c/o amazon.com

c/o amazon.com

This article contains spoilers.

Thursday night marked the return of the ABC drama “How To Get Away With Murder” (often referred to as HTGAWM), which ended the first half of its second season back in November. In a nutshell, the show is about what happens after defense attorney Annalise Keating and her five law students commit a murder and about the lengths they must go to protect themselves. However, this brief summary barely scratches the surface of the intensity and complexity of the show’s plot.

During the first half of this season, the writers turned the drama dial up to a 10, but what saved the show from becoming a shark-jumping, headache-inducing mess was the deliberate and economical development of the plot. Everything from the tiniest details to the most outrageous action sequences moved the story forward and referred to other clues. In fact, the writers didn’t shy away from giving the viewers answers, except that the answers always seemed to generate further questions. For some, this tempo might have been too extreme, but even for those of us who enjoyed it, the general consensus was that things could not continue at this pace for the rest of the season.

The last episode ended with a cliffhanger, one whose revelations could potentially undermine the entire plot up until this point. The implication was that somehow, long before Wes Gibbons walked through the gates of Middleton Law School and took a seat in Annalise’s class, Wes and Annalise’s paths had crossed. The final shot of Annalise staring through a two way mirror at a young Wes being questioned by police over his mother’s death left several burning questions for the second part of the season to answer. How could Annalise have been involved in Wes’s mother’s death? Did Annalise recognize Wes when he walked into her class? And if so, did his identity influence her decision to designate him as one of the Keating Five? And, of course, there was also the question of how this twist would fit into the tight web of drama series creator Peter Nowalk had been spinning for the past season and a half.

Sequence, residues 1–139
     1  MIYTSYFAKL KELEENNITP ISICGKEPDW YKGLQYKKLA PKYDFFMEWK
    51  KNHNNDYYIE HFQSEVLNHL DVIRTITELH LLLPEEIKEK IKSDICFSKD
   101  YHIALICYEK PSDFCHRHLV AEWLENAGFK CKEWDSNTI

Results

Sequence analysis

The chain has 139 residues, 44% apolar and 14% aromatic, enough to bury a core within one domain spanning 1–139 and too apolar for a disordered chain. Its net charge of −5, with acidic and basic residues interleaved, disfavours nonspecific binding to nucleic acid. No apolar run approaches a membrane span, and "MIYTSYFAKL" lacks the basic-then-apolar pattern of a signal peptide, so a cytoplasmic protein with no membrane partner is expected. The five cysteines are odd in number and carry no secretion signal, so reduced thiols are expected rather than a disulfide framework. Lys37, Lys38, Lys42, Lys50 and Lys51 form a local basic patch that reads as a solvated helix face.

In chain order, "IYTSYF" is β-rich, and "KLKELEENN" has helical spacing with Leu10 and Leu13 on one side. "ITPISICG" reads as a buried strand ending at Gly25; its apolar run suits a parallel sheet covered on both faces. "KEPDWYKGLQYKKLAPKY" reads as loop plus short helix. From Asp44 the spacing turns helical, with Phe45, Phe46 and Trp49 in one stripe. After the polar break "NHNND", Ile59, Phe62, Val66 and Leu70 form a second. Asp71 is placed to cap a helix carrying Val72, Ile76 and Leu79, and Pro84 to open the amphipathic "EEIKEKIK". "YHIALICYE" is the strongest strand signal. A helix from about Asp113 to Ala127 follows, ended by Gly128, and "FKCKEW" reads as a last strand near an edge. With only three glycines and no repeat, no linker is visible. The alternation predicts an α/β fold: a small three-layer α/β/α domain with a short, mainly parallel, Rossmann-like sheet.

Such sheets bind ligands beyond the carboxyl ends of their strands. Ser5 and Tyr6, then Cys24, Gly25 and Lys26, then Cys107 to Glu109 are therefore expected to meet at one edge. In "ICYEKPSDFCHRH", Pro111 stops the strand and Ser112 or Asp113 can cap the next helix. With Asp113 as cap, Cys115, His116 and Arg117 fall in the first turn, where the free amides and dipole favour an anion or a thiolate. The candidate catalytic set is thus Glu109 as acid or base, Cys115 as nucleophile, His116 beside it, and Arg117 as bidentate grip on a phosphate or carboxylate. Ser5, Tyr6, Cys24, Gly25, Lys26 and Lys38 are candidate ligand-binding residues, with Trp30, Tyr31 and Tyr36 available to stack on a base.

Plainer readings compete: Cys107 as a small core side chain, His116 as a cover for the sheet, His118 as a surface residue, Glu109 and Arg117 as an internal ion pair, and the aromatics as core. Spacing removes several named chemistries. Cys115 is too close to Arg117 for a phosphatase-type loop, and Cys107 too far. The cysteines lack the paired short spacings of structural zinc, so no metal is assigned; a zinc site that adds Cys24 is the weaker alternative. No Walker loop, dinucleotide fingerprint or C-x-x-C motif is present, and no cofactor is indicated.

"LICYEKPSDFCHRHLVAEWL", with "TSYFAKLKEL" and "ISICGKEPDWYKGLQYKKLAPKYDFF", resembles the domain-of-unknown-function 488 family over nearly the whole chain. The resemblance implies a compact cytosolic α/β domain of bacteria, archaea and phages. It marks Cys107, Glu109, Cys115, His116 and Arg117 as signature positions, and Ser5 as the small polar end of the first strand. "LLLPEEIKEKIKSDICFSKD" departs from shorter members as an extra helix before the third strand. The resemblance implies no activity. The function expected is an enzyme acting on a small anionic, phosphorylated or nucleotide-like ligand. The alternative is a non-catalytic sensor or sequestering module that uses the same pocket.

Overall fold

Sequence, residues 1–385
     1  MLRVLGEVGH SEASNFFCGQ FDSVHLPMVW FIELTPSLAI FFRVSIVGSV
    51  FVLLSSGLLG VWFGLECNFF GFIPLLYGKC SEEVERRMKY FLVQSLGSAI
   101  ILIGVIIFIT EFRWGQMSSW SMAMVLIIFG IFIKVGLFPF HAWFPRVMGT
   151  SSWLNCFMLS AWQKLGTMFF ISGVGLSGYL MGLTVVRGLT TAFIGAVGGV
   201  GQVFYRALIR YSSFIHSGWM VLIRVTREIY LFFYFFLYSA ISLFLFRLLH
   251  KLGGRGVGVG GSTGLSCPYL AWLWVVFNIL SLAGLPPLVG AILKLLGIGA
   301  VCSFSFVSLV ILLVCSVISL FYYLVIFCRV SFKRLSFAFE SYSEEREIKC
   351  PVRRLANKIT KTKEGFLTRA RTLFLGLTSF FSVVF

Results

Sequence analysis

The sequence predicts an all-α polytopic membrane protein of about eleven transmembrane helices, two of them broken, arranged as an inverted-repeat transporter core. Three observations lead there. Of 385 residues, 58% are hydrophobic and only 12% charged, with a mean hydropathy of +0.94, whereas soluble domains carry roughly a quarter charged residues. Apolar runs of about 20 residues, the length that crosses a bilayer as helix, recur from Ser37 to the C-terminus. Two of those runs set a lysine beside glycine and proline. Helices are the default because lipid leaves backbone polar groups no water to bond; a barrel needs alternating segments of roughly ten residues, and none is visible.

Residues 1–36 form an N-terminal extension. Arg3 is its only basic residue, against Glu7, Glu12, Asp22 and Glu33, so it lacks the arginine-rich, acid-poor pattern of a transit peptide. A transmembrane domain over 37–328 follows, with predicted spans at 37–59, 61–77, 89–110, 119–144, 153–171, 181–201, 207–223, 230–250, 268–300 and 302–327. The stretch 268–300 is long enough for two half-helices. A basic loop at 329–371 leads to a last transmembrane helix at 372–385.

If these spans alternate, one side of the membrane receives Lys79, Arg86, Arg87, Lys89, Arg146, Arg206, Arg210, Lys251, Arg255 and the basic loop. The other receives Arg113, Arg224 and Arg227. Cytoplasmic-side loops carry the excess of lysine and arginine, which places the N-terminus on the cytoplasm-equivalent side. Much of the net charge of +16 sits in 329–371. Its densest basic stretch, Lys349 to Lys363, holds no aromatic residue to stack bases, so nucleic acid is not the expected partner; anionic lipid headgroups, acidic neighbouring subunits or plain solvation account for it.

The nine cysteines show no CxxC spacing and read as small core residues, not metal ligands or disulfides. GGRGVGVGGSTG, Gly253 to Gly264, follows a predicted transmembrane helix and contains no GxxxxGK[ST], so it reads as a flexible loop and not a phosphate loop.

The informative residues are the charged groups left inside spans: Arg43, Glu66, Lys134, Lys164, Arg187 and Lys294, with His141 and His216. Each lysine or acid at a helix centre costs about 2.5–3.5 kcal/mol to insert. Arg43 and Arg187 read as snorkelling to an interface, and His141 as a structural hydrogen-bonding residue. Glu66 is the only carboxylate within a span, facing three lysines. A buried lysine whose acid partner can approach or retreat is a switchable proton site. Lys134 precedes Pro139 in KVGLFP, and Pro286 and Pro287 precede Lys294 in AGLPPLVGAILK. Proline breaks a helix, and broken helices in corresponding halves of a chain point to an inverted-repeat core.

I began the new episode, “What Happened to You, Annalise?” with this plot thread in mind. I wanted answers, or at least the promise of one somewhere down the line. Fortunately, Nowalk choose to strike a calmer tone with this episode than he had with the previous one, thoroughly addressing the Annalise-Wes relationship. However, his stylistic approach was gratuitous and confusing, like an author who uses strange syntax or archaic vocabulary just because he can.

Take, for example, the intriguing but impractical decision to tease out the truth about Annalise and Wes’s connection through Annalise’s Vicodin-induced hallucinations. As a viewer who has already invested a lot into piecing together the chronology of “HTGAWM,” which can jump between years, months, and weeks, I found this framing mechanism inefficient. The information that I was able to glean from it was hazy at best, and even then, I was doubtful that I could make any concrete sense out of it.

An additional weakness of this episode was that the continuing plot lines that have grown stale. For example, at the end of the first season, Wes’s girlfriend Rebecca is murdered by one of Annalise’s co-workers, a woman named Bonnie. Wes becomes suspicious of Annalise, whose insistence that Rebecca merely “ran away” provides one of the main sources of tension during the last half season. We thought that the drama was finally over when Annalise confessed in the final episode. But it turns out that Annalise is up to her old tricks: her earlier claims about Rebecca’s death were to provoke Wes into shooting her, thereby setting in motion her plan to frame another woman for the crime.

Meanwhile, Annalise’s other law student, Asher, has begun asserting that his father’s death was a murder, not a suicide. As of now, his instinct is completely unfounded, but by T.V. logic, it would be strange to arouse viewers’ suspicions only to have nothing come of it. If Asher proves to be correct, the plot twist would represent a rare departure from HTGAWM’s structure, in which no drama appears without some kind of warning. On the contrary, spontaneous drama is exactly what show should be avoiding, simply because there’s already enough to satiate even the most crisis-hungry fan.

In brief, Thursday’s season premiere was sub-par. However, with a show as surprising as “HTGAWM” and a creator as brilliant as Peter Nowalk, I don’t plan to write it off too soon. Only time will tell which direction it will take.

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